It’s a story not that different from John Ford’s similarly flawed, dreary western Two Rode Together (1961), but where Ford and his writers had the good sense to punctuate the retrieval of the abducted kids with a lengthy commentary on racist stances against the Comanche, Peckinpah either couldn’t lick the script’s grievous flaws, or figured it would work itself out, either with rewrites during shooting, or perhaps in the editing room.

Or maybe he just didn’t give a damn, fueled by the confidence that he knew what he was doing.

Even if there’s a palpable sense of studio interference in the film’s numerous time passage / dissolve sequences to compress tangents and perhaps mask the elimination of smaller scenes designed to enhance minor and mid-level characters, Dundee’s first hour is still neat in setting up the story, characters, and conflicts: Major Dundee (Charlton Heston, really excellent as a bullheaded, moral crusader) wages a battle of will against his former friend Tyreen (equally strong Richard Harris), a captured captain from the south, whom Dundee needs in order to lead able and agile convicts in rescuing kids from Chief Charriba’s northern Mexico turf, which is also an area controlled by Emperor Maximilian, a man hand-picked by France in a truly ludicrous attempt to establish a puppet regime and gain influence in the U.S.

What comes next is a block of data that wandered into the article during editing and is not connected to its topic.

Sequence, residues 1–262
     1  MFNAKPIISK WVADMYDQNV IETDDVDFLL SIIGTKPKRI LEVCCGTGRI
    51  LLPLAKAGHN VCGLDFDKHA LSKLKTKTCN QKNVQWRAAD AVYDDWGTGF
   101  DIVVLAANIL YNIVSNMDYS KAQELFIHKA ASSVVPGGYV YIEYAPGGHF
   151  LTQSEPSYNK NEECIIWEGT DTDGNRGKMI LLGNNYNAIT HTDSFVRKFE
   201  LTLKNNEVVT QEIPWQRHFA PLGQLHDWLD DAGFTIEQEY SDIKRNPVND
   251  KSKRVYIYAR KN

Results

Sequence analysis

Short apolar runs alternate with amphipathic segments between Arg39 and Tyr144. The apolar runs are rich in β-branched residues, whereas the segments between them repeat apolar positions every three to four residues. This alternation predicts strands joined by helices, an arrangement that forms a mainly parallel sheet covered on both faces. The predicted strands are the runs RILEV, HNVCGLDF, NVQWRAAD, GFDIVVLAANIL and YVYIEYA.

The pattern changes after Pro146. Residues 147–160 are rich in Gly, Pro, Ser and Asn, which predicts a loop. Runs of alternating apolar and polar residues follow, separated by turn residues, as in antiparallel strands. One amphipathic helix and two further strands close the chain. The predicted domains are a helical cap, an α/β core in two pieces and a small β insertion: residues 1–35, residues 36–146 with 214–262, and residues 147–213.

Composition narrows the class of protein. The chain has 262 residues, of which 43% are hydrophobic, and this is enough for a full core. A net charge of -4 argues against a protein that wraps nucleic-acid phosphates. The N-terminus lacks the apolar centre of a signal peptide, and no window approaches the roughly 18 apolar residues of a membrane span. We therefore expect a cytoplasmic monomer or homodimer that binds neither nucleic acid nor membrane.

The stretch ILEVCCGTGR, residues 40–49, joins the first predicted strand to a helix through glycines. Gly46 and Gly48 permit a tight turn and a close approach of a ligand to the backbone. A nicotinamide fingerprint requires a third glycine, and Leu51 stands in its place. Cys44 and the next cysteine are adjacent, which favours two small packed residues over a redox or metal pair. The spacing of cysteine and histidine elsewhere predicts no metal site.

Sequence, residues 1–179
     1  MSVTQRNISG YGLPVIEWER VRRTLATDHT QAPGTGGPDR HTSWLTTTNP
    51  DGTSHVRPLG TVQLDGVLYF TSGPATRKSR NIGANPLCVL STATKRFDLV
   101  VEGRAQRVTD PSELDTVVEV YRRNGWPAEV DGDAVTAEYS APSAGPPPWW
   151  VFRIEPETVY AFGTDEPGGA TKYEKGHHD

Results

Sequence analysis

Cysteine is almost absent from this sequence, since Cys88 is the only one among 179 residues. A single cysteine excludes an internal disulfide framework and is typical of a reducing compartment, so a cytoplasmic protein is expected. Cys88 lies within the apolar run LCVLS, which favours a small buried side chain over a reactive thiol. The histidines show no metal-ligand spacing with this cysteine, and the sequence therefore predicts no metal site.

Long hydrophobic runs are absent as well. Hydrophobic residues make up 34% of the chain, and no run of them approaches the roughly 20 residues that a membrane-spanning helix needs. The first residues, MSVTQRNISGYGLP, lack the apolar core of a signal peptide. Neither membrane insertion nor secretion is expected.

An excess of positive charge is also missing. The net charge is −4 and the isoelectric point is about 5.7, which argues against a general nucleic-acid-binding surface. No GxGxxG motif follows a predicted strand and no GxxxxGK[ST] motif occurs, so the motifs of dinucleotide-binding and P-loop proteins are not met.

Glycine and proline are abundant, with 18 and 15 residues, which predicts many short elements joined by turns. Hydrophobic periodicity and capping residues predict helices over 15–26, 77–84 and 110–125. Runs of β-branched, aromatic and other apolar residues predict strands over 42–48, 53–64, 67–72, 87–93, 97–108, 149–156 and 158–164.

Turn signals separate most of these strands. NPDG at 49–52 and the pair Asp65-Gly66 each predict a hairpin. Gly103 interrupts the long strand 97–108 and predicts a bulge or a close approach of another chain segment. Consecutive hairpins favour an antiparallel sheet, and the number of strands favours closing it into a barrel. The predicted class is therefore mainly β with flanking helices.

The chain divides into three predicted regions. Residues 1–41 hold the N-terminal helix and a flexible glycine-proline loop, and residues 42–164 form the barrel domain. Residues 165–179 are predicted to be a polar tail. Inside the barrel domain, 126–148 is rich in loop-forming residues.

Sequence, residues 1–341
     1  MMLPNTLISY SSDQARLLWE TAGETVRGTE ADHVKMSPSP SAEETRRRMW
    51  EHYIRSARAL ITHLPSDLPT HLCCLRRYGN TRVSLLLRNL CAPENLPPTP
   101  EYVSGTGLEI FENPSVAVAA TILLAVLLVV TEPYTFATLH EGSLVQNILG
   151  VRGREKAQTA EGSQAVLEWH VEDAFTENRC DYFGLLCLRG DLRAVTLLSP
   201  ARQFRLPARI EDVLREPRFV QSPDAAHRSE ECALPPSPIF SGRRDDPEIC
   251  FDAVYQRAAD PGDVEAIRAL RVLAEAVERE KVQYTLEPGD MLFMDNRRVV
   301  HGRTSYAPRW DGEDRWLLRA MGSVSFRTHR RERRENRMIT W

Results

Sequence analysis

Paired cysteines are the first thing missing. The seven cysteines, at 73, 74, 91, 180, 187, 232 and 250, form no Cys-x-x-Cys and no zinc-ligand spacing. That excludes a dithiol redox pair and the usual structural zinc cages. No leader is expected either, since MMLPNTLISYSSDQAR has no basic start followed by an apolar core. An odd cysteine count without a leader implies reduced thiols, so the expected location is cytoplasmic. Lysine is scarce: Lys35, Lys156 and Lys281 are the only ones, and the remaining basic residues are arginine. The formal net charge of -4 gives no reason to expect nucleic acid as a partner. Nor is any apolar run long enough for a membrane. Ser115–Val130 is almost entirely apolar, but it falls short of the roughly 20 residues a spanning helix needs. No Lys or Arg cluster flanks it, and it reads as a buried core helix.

The seeds of racism and hatred just bubble in every faction of Dundee’s mish-mash troupe, which is comprised of Confederate soldiers promised freedom at the journey’s end, black soldiers, crooks, a fresh-faced bugle boy (Michael Anderson, Jr.), and a lanky, inexperienced munitions Lieutenant (Jim Hutton). James Coburn plays a one-armed half-breed tracker aided by Christian Apache, and R.G. Armstrong’s a fire & brimstone preacher with a good right hand.

They’re all familiar yet laudable archetypes designed to maintain a sense of stress within the troupe, and arguably the first signs of trouble appear after the kids are rescued: their mandate is revised due to Dundee’s stubborn determination to bring back Chief Sierra Charriba (Michae Pate).

Had Peckinpah stuck with the story’s thread of delusion and self-destruction, the film would’ve been a minor epic tale about nihilism and madness, but the story is put on pause when Dundee takes his troupe to a French-controlled Mexican town for food and rest, and where love interest Teresa (Senta Berger) is brought into the mix, supposedly to destroy whatever entente exists between Dundee and Tyreen.